Today, we think that the discovery of neanderthal fossils were a revelation. At the time, they were just another thing to argue about. Here’s why one talented scientist confused a neanderthal with a Cossack.
This is the Altamura Man. He’s old. In 1993, cave researchers stumbled across an odd formation in Italy: a skull that had essentially grown over time to become part of the cave, calcite budding from its features. Now, scientists have discovered that it could easily be 150,000 years old.
Today marks the 22nd annual International Left-Handers Day. To celebrate, let's look at why only around one in ten people is left-handed. Why, pray tell, are lefties are so rare – or, said another way, why are most of us righties? It seems like a simple question, but it's actually one of the biggest mysteries in all…
Neanderthals weren't smoking cigarettes. They weren't breathing in pollution. They weren't eating processed foods. They weren't dealing with pesticides. Nope. But apparently, Neanderthals still got cancer. This 120,000-year-old bone fragment reveals a cancerous tumor. Neanderthals, they're just like us.
Other neanderthals would probably also like to hear that — but one researcher thinks that the average neanderthal would have a problem with that vowel. A reconstructed vocal tract indicates that there are some vowel sounds that neanderthals just couldn't say.
You know what's rare? Woolly mammoth skeletons. You know what's even rarer? Beautifully preserved, near-complete, French woolly mammoth skeletons. Archaeologists just dug up the latter.
If you hail from outside of Africa, there's a decent chance that you share as much as 4% of your DNA with a long-extinct lineage of Neanderthals. Many scientists agree that this small percentage of shared genetic information is evidence that humans and Neanderthals interbred with one another in Europe tens of…
Your family tree just got wider. Scientists have analyzed fossils found in China, and deemed them to be from a new human species unlike any ever identified before; say hello to your long-lost cousin.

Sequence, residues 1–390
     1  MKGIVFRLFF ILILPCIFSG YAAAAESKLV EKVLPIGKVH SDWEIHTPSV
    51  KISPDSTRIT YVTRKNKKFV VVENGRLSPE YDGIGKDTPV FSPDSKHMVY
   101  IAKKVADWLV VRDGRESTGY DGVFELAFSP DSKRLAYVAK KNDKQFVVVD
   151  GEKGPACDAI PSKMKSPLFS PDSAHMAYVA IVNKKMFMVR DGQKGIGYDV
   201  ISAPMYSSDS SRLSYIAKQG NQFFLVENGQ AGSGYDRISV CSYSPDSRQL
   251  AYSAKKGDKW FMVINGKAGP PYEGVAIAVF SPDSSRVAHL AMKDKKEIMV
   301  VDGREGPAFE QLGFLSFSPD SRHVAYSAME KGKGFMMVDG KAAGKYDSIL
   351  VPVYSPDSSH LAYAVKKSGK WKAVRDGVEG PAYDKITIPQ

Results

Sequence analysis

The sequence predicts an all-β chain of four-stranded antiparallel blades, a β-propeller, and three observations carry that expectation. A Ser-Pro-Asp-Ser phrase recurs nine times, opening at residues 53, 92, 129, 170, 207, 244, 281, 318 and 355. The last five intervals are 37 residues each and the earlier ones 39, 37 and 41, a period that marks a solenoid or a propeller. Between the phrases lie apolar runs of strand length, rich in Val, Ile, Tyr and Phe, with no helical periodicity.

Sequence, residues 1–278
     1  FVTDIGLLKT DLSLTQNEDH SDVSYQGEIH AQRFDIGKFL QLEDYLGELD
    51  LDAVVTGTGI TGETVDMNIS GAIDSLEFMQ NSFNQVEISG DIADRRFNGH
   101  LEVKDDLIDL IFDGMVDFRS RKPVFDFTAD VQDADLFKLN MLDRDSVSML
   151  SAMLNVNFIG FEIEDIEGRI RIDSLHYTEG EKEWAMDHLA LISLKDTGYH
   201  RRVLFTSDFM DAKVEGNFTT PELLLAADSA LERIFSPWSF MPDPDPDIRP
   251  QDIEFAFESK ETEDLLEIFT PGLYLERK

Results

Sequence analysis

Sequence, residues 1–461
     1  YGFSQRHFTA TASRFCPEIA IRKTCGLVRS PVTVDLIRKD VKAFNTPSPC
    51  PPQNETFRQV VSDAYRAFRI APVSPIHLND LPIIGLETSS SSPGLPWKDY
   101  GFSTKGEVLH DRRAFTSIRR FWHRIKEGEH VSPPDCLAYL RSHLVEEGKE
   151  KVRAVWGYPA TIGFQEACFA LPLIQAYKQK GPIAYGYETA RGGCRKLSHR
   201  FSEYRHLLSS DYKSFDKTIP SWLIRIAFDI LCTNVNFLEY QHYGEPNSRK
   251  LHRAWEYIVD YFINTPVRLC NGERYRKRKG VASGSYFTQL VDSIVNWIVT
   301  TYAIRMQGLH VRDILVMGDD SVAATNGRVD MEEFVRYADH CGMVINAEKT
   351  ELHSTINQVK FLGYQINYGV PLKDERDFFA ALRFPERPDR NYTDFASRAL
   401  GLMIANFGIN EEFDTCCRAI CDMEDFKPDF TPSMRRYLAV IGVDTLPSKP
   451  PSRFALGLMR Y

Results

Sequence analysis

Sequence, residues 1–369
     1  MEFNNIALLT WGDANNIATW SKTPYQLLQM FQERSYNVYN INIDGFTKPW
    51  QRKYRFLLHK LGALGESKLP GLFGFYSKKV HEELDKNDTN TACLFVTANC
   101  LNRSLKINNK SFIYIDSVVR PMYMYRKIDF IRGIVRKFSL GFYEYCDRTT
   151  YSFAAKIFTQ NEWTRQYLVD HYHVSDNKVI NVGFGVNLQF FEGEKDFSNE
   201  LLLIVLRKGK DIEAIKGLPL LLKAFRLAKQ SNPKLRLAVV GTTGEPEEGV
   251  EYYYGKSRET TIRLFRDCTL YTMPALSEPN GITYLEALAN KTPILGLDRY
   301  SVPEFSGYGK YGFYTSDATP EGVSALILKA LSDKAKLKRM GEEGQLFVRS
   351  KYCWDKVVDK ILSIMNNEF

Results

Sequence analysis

Humans likely first took to the seas about 50,000 years ago. But there's mounting evidence that our Neanderthal cousins were routinely sailing throughout the Mediterranean twice as long ago. Alternatively, they were just really good at long distance swimming.
This cave painting is thought to be 43,000 years old, making it 8,000 years older than any other known art. It was most likely the work of Neanderthals, who apparently discovered the DNA double helix 43 millennia before we did.
The human genome carries an average of 1% to 4% Neanderthal DNA, which means our ancient human ancestors must have interbred with our extinct evolutionary cousins. That raises an obvious next question: why did humans have sex with Neanderthals?
In the early days of humanity, the Cromag tribe encounters fire with the first time and has a grand old time throwing things into it, but doesn't know how to make fire themselves. In The Discovery of Fire, when the neighboring Neandert family wants a little fire to call their own, things start to get silly — and a…
Genome analysts at 23andMe have devised a new way to reveal the secrets inside your DNA. Their latest test will reveal how many of your genes come from Neanderthals. Be warned: some people have a lot of Neanderthal in them.
An ancient human skull found in China shows evidence of blunt force trauma, meaning some other human probably hit him on the head. Considering how old the skull is, this might as well be considered the invention of violence.
Sometimes it really pays to take a second look at old findings. The fragment of jaw bone pictured above, believed to have belonged to an anatomically modern human, was first discovered over 80 years ago in Kents Cavern, an archaeologically rich cave system located in South England.
Despite representing different stages of human evolution, it looks like European Homo Sapiens might have had a penchant for a little Neanderthal booty. Or vice versa.
It seems like such a simple question, but it's actually one of the biggest mysteries in all of science. Is it because of how our brains are organized, how ancient humans gripped tools, or is it simple anti-lefty prejudice?
Shellfish has a surprisingly important place in our evolutionary story. One theory says shellfish fueled the expansion of our brains, while another gives it credit for saving our species. Turns out Neanderthals liked shellfish just as much as we did.
I love everything about this. I just like to pretend that George the Neanderthal carried a Stone Aged Swiss Army Knife everywhere with him. It was so convenient! Of course, there was no Swiss or Army or Knives back then but, um, you get the idea!
We know that as ancient humans expanded into Eurasia, they began interbreeding with our Neanderthal cousins. But it now appears that the fun didn't start there - our ancestors also reproduced with precursors like Homo erectus and Homo habilis.